Snow Patrol – Final Straw


I think the first Scottish pop bands I really fell for were The Wedding Present and Teenage Fanclub. That was almost fifteen years ago, I still love them, but with the semi-recent emergence of Belle and Sebastian and the Scots pop scene that has gathered around it (Reindeer Section, Arab Strap, etc.), a legitimate scene has emerged. I stumbled upon Snow Patrol a few years ago, listened to the album a bunch of times and then just kind of filed it away.

But, like the Super Furry Animals whose first few records were passably average, it was “Rings Around the World” the band’s fifth full length that finally matched talent with potential. The “Final Straw” is that record for Snow Patrol, carried largely on the silky vocals of Gary Lightbody, the band alternates between old school dreamy shoegazing rock and an almost Sebadoh kind of melodic punk. Unlike many bands to have recently made records that fall into this syrupy folky-pop niche, Snow Patrol can rock, and do occasionally.

But this record is very good, the songs all have great memorable hooks, and in a different world would even stand a chance on commercial radio. But as luck would have it the band will likely remain slightly hidden gems for the time being. They never bother to lapse into commercial accessibility the way they easily could, a la David Gray, but at some point I’m sure they trip themselves up and make that record that the world will love. I hope they do.

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Raising Victor Vargas – Dir. Peter Sollett

Directed by: Peter Sollett
Starring: Victor Rasuk, Judy Marte, Melonie Diaz

The fact that I lived in the East Village in the early 90’s, a time before $25 Sea Bass on Avenue C, and $1M apartments sprinkled throughout Alphabet City, makes watching this perfect little indie even more enjoyable than it might have been had the neighborhood been less familiar. Shot on a miniscule budget, and using real neighborhood kids as actors, “Raising Victor Vargas” is less “movie” than it is “slice of real life captured on film.” Growing up in a city is very often a less than carefree experience for children, and watching Victor whittling away the summer in the steamy New York heat, with no spending money and only a tiny apartment filled with an unstable family is really an interesting juxtaposition to the unreality of sitcoms like “Friends” or “Seinfeld” where New York offers this kind of warm and generous world to kill time and enjoy life.

Focused largely on the teenage Victor and his brother and sister, orphaned kids being raised by their grandmother in a cramped welfare apartment, the story is largely about Victor’s pursuit the seemingly aloof Judy. Where the film could easily slide into sentimental crud, director Sollett keeps the film at bay, largely eavesdropping on the characters as they go about there lives day by day just hoping to get along. But this has everything to do with the compelling performances from everyone in the cast. Sure they are just playing themselves, but this is not nearly as easy as it looks to block out the camera and pretend to be yourself.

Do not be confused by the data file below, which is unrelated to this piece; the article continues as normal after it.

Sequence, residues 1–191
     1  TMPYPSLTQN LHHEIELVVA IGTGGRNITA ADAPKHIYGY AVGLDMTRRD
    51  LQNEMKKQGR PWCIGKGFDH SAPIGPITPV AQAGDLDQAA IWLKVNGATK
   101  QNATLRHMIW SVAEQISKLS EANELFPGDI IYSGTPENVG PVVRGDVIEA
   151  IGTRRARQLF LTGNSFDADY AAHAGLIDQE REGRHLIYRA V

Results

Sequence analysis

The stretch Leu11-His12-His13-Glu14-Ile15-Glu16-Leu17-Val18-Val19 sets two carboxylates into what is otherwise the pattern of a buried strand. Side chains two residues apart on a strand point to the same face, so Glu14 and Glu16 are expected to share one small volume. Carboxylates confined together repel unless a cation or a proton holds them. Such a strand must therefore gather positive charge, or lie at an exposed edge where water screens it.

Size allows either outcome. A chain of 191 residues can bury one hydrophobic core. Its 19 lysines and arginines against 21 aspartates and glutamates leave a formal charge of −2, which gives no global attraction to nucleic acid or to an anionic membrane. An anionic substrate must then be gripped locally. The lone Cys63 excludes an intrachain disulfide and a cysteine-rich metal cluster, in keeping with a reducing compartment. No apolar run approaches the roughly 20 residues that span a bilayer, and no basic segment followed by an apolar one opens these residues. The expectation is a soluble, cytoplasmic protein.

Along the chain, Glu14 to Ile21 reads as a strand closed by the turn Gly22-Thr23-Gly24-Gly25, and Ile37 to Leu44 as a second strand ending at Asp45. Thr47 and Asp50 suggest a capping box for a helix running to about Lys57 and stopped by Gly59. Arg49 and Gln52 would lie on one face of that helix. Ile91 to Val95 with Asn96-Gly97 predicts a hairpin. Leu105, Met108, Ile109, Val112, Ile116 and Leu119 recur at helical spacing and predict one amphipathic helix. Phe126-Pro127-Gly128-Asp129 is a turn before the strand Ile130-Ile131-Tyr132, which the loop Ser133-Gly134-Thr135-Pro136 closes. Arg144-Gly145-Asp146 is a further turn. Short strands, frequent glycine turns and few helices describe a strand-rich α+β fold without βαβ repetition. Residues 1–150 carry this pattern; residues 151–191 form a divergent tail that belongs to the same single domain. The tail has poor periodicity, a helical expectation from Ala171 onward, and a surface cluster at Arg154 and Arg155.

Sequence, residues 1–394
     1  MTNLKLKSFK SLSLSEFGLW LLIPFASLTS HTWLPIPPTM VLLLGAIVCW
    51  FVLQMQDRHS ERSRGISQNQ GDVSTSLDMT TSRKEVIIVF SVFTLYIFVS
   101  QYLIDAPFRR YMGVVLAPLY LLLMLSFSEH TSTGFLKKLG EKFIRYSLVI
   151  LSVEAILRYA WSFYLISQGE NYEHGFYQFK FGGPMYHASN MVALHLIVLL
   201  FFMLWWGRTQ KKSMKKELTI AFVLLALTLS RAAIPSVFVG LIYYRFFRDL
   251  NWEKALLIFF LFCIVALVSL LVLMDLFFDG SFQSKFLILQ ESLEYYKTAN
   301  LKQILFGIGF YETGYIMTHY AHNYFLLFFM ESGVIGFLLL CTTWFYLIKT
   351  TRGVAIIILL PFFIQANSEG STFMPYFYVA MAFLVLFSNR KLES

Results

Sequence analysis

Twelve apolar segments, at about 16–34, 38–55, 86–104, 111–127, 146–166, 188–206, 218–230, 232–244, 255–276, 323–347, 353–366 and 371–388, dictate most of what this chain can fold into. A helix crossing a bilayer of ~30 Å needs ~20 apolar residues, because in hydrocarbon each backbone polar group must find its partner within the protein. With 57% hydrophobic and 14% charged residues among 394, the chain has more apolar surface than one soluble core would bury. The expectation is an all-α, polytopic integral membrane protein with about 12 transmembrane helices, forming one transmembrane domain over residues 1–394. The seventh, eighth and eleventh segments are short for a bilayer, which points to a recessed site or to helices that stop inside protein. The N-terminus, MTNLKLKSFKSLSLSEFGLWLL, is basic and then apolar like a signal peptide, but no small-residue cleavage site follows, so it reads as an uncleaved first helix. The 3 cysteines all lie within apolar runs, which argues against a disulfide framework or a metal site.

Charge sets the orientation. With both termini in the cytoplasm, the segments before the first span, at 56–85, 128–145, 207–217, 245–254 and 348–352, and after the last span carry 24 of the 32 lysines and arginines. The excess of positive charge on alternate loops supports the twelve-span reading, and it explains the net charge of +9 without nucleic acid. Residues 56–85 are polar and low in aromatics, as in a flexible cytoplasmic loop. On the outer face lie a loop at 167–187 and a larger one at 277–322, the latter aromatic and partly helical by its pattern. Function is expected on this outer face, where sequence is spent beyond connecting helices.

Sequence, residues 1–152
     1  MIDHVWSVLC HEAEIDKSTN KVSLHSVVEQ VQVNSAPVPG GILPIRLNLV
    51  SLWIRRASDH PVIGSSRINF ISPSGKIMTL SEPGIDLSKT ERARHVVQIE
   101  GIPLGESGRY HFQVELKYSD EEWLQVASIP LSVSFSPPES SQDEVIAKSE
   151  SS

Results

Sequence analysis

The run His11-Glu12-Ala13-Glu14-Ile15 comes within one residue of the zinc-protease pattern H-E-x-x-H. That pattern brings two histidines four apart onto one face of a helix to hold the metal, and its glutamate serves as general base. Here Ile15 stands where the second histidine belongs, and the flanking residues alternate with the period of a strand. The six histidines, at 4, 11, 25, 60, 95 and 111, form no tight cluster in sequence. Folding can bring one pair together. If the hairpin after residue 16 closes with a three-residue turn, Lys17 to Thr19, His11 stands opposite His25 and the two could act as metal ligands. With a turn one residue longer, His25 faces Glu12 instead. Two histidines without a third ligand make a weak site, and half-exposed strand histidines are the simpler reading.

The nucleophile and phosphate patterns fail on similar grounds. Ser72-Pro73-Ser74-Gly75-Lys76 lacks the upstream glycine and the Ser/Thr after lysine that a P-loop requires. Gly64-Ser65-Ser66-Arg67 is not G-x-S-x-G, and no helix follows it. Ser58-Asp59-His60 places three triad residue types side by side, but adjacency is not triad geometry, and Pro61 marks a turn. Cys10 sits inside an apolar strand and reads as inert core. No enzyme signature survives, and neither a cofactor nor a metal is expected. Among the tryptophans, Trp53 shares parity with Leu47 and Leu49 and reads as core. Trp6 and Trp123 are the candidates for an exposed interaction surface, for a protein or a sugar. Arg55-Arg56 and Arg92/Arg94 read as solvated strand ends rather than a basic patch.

Although the family drama that underscores Victor’s story acts as a powerful backdrop for the examination of the life of children in this part of the world, this is a very different city than that of most NYC films: no mafia, gangs, rich uptown yuppies, or drug dealers – just regular people trying to get by in a very difficult. Ultimately “Victor Vargas” is a hidden gem, as is the neighborhood where it takes place, filled with the colors and smells of the people who live there, managing to find a way to make the seasons pass gracefully.

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Wonderland – Directed by: James Cox


Directed by: James Cox
Starring: Val Kilmer, Kate Bosworth, Tim Blake Nelson, Lisa Kudrow

Of the many kinds of films that filmmakers set out to create, the art of constructing one that is genuinely “cool” is a not so easy task. Tarrantino figured it out, as did Jim Jarmusch , Gus Vant Zant, and Todd Haynes, along with relative newcomers Doug Limon, P.T. Anderson, and Darren Aronofsky. But to make the modern hipster classic you need everything to work – music, wardrobe, cast, editing, cinematography and subject. Another piece of cultural flotsam that has finally become nearly mainstream cool is porn, or at least porn celebrities: Ron Jeremy, Jenna Jamison, and who could forget John C. Holmes – the king of cool among other things.